Cache County 2020
Since 2014, the Cache County Vegetation Management crew has involved elementary school students in biocontrol projects at the Hardware Ranch Wildlife Management Area (HRWMA). The students learn about noxious weeds, how to release biocontrol agents and monitor sites of previous releases. The students, from Logan School District and USU’s Edith Bowen Elementary, lend valuable assistance to the program, while gaining an interest in noxious weed management and biocontrol. The project is under the direction of Jake Forsgren, Cache County Vegetation Manager and Amber Mendenhall, Utah Weed Supervisors Association Biocontrol Coordinator.
Cache County’s school biocontrol program expanded this year to include five field days, two noxious weeds and four biocontrol agents. The county was unable to host as many different groups of students due to COVID-19 risk. However, several small groups of students visited Hardware Ranch. All education groups were able to follow state and local COVID-19 guidelines including groups of under 20 wearing masks and being socially distanced outdoors.
Mendenhall taught students about the use of biocontrol and its effect on noxious weeds. They discussed the impact of noxious weeds on the Wildlife Management Area. Students were encouraged to discuss ideas to control invasive weeds. Following the discussion, students helped to monitor ongoing biocontrol sites to look for evidence of biocontrol insects. Participants also took data on vegetation cover to determine the impact of biocontrol agents.
The Cache County Weed Department helped to conduct biocontrol releases and monitoring when students were unable to participate. Cache County was especially helpful in stepping up to assist with this program on several days throughout the year.
Biocontrol releases were placed on Canada thistle and spotted knapweed. Participants placed 1000 Urophora cardui, the Canada thistle gall fly in two locations and 1000 Hadroplontus litura, the Canada thistle stem mining weevil in one additional location. They then placed 1000 Larinus minutus, the spotted knapweed seed head weevil in one location above Curtis Creek. They placed 1000 Cyphocleonus achates, the knapweed root weevil in the Upper Meadow.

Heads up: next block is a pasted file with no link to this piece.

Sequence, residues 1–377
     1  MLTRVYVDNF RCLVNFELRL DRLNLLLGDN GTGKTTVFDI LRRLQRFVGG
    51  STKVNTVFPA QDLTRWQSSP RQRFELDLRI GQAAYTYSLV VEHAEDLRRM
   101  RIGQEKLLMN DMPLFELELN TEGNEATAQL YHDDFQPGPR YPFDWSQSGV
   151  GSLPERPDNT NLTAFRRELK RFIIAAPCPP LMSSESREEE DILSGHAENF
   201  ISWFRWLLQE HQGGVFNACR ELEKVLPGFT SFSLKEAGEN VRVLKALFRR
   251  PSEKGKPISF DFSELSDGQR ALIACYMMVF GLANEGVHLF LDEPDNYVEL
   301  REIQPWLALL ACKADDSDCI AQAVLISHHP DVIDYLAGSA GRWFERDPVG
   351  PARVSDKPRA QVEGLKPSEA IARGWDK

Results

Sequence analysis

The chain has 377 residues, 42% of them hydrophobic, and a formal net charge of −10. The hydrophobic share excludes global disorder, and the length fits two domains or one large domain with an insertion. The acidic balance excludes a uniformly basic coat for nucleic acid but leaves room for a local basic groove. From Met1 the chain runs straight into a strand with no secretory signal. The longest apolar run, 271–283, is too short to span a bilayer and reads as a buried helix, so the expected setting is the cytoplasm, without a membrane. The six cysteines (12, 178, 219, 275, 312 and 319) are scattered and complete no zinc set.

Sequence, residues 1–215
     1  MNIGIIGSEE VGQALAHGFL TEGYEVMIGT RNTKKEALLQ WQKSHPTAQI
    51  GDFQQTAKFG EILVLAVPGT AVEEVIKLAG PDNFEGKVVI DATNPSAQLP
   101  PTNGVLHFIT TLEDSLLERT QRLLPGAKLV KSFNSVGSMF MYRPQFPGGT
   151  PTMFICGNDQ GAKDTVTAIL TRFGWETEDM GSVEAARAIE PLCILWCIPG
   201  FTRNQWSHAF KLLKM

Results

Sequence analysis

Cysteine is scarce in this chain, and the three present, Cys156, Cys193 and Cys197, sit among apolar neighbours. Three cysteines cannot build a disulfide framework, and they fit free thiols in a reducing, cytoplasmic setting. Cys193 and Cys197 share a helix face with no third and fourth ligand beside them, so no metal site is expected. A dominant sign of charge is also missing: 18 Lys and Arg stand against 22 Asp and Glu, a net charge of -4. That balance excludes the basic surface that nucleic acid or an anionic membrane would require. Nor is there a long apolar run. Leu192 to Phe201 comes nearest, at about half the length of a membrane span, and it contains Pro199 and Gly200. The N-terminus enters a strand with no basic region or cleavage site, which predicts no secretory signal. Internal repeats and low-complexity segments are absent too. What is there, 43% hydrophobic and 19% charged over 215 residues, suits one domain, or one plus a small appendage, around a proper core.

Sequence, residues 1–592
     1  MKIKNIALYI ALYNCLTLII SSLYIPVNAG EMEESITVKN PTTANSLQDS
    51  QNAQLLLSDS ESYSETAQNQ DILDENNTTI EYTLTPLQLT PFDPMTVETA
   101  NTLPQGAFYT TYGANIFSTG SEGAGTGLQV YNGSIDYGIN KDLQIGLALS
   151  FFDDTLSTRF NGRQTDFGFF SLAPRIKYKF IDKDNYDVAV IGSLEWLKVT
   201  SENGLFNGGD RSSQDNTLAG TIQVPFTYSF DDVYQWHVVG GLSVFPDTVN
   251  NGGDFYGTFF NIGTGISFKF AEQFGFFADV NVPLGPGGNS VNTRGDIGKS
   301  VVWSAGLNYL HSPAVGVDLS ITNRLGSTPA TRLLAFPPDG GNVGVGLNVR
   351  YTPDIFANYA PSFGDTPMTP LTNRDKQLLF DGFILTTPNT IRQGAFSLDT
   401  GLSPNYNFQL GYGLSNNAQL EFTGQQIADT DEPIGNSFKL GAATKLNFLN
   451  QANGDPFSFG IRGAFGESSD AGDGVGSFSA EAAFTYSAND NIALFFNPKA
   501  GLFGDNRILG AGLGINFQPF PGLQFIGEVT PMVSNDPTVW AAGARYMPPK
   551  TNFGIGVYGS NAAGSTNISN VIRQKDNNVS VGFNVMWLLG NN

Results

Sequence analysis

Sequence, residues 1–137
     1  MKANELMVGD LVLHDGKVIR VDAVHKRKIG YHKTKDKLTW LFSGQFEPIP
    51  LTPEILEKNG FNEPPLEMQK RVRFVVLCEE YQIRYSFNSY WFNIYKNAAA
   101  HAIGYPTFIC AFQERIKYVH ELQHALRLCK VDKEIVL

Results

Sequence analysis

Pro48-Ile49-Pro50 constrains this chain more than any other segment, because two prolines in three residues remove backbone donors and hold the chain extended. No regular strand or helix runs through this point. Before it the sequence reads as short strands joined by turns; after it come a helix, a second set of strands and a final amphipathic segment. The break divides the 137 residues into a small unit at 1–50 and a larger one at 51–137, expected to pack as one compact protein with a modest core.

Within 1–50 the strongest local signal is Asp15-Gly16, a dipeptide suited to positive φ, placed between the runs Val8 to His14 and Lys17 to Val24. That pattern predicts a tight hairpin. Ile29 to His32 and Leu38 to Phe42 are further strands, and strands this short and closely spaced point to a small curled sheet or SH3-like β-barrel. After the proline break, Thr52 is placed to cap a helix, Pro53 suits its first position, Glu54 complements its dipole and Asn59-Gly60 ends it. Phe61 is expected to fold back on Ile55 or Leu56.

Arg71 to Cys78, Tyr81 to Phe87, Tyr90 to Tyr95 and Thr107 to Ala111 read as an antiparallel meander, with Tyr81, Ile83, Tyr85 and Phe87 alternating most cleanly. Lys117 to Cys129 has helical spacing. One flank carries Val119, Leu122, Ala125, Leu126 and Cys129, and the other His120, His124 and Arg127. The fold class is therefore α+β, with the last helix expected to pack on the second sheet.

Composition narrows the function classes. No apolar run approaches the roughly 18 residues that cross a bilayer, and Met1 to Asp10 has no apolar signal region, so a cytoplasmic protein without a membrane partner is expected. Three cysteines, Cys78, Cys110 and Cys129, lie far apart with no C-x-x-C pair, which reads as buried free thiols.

Students and weed managers monitored sites for biocontrol efficacy. Monitoring is conducted using the US Forest Service SIMP protocol. When conducting SIMP monitoring with student groups, instructors modify the protocol to allow for random sampling. Otherwise, plots are often trampled and students seem to lose focus by the time they reach the end of the transect. We have adapted the SIMP protocol by having students break off into several groups over a one acre area. Students stand with their back to an infestation of noxious weeds and gently toss monitoring frames over their head. This allows them to select noxious weed patches, but still take a random sample.
The Cache County group, led by Amber Mendenhall, continued monitoring on the Upper Meadow Knapweed site from 2019. Curtis Creek Bridge site was also continued from 2019. The Canada Thistle Upper Meadow site has been monitored continuously since 2017. They selected one new site for Canada thistle monitoring in 2020. Technicians at HRWMA found a new patch of noxious weeds near the bunkhouse. The weed managers plan to release biocontrol agents at the bunkhouse in 2021.
The student biocontrol program is a great way to combine treatment, monitoring and education. In spite of the unusual circumstances, program leaders were able to reach 48 students over four days in 2020. They were also able to facilitate three additional biocontrol release and monitoring field days with Cache County Weed Department. This year they also contacted the neighboring 36,000 acre property to help monitor and conduct biocontrol release. This was a great opportunity to increase noxious weed awareness among neighboring landowners.
The crews released 4000 biocontrol agents over five sites. They also placed monitoring plots in four locations. As this program continues, they will add monitoring plots and increase the quality of ongoing data.
Some successes in 2020 include the discovery of two newly established biocontrol agents on spotted knapweed. This is the first year that they recovered galls from theCanada thistle gall fly at the Back Meadow.
This is an excerpt from a report prepared by Amber Mendenhall. To read full details of this project including monitoring results, download the complete report here: